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Buying back government

December 07, 2005

AS IF THE RESULTS OF LAST month's special election weren't convincing enough, there is new evidence that the public is fed up with Sacramento. The Public Policy Institute of California surveyed 2,002 voters in the 12 days after Nov. 8 and, in various ways on various issues, it's clear: They're not happy.

More than three-quarters of them, or 76%, don't like the way the governor and Legislature are working together. Three-fifths thought the special election was a bad idea. More than two-thirds, or 68%, think California is headed in the wrong direction. Barely one in five, or 17%, say they can trust public officials to do what's right most of the time. It was, as the poll's director said, "a vote of no confidence for state government." Public financing of elections would go a long way toward restoring that confidence.

Regardless of what Gov. Arnold Schwarzenegger and the Legislature (disapproval ratings of 56% and 66%, respectively) may accomplish in the coming year, the state's basic political system remains broken and in serious need of repair. And the biggest evil is the dominance of big money in California elections. More than $250 million was spent on ballot measures this year. Essentially, it was provided by the Democrats' supporters in organized labor and, on the Republican side, by business interests.

It's a system that invites corruption and compromise of political principle. Almost four-fifths of voters in the survey, or 78%, think state government is controlled by a few big interests. One way to take control from these interests is to provide public financing of elections, from the Legislature through the statewide offices, up to and including governor. Arizona and Maine have done this with considerable success. Last week, the Connecticut Legislature passed a "clean money" bill that the governor has pledged to sign.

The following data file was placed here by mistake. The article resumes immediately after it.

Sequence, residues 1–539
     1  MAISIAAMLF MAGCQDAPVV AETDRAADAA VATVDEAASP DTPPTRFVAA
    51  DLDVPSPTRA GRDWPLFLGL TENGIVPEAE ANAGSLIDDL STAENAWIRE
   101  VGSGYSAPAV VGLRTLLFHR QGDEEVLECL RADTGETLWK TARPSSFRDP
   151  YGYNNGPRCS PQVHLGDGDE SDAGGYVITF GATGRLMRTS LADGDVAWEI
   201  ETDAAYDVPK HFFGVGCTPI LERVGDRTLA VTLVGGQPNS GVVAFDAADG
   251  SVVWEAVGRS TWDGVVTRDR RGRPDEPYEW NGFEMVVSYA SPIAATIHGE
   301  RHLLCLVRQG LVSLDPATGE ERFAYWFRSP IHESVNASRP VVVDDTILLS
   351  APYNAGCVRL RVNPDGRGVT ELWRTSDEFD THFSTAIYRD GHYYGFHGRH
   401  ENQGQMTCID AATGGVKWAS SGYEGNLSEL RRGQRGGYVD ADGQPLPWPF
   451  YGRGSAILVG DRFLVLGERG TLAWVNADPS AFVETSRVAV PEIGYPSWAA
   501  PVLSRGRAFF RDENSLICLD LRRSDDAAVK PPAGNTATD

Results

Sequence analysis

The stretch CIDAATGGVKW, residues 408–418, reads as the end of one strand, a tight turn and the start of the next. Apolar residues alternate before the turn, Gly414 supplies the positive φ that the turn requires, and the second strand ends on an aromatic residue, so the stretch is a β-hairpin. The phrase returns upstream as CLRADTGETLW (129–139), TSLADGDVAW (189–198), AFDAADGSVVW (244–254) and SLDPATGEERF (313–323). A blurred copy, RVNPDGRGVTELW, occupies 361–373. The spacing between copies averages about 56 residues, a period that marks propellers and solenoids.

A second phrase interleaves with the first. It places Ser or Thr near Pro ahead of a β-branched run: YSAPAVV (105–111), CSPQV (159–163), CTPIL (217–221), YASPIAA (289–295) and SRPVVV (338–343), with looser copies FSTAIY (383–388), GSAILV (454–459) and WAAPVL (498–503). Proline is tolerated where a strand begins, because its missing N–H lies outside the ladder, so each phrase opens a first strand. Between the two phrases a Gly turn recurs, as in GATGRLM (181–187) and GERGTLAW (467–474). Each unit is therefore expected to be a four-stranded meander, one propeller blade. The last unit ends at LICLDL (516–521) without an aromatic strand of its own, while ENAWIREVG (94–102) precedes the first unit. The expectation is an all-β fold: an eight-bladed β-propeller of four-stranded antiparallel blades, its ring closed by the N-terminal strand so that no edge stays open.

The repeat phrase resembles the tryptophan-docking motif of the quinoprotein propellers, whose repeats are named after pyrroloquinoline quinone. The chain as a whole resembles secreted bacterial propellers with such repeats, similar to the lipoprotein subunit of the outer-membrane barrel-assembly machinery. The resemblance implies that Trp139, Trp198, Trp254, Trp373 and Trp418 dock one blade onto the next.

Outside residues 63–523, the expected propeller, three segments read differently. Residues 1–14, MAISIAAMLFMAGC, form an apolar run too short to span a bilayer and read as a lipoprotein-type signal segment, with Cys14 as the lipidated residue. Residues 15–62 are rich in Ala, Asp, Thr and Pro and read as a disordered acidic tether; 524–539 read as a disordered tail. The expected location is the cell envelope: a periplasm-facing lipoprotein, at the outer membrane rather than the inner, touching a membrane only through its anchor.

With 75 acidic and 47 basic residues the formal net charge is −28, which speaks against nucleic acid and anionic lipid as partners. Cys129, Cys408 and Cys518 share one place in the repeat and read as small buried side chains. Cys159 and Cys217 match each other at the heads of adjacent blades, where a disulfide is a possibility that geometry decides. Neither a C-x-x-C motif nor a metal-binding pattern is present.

The clean-money law being proposed by Assemblywoman Loni Hancock (D-Berkeley) would provide up to $10 million for a qualifying candidate for governor, while Assembly candidates would get $150,000 and Senate contestants $300,000. Candidates could choose to finance their campaigns the traditional way, but the clean-money candidates would get enough to remain competitive.

Many details, such as how the state would pay for all this, still need to be worked out in the course of the legislative process. But other states have found innovative ways to make the system work. Arizona, for example, finances its program with surcharges on court proceedings. The more immediate problem may be getting members of the Legislature to put such a measure on the ballot because it would inevitably make it easier for outsiders and challengers to defeat them. It probably would take a ballot initiative with broad bipartisan support.

Opponents would rail about the cost. Yet smart voters would realize that the costs of a dysfunctional state government are far greater. They would also realize that any money spent to buy back their government from the free-spending interests was a bargain.

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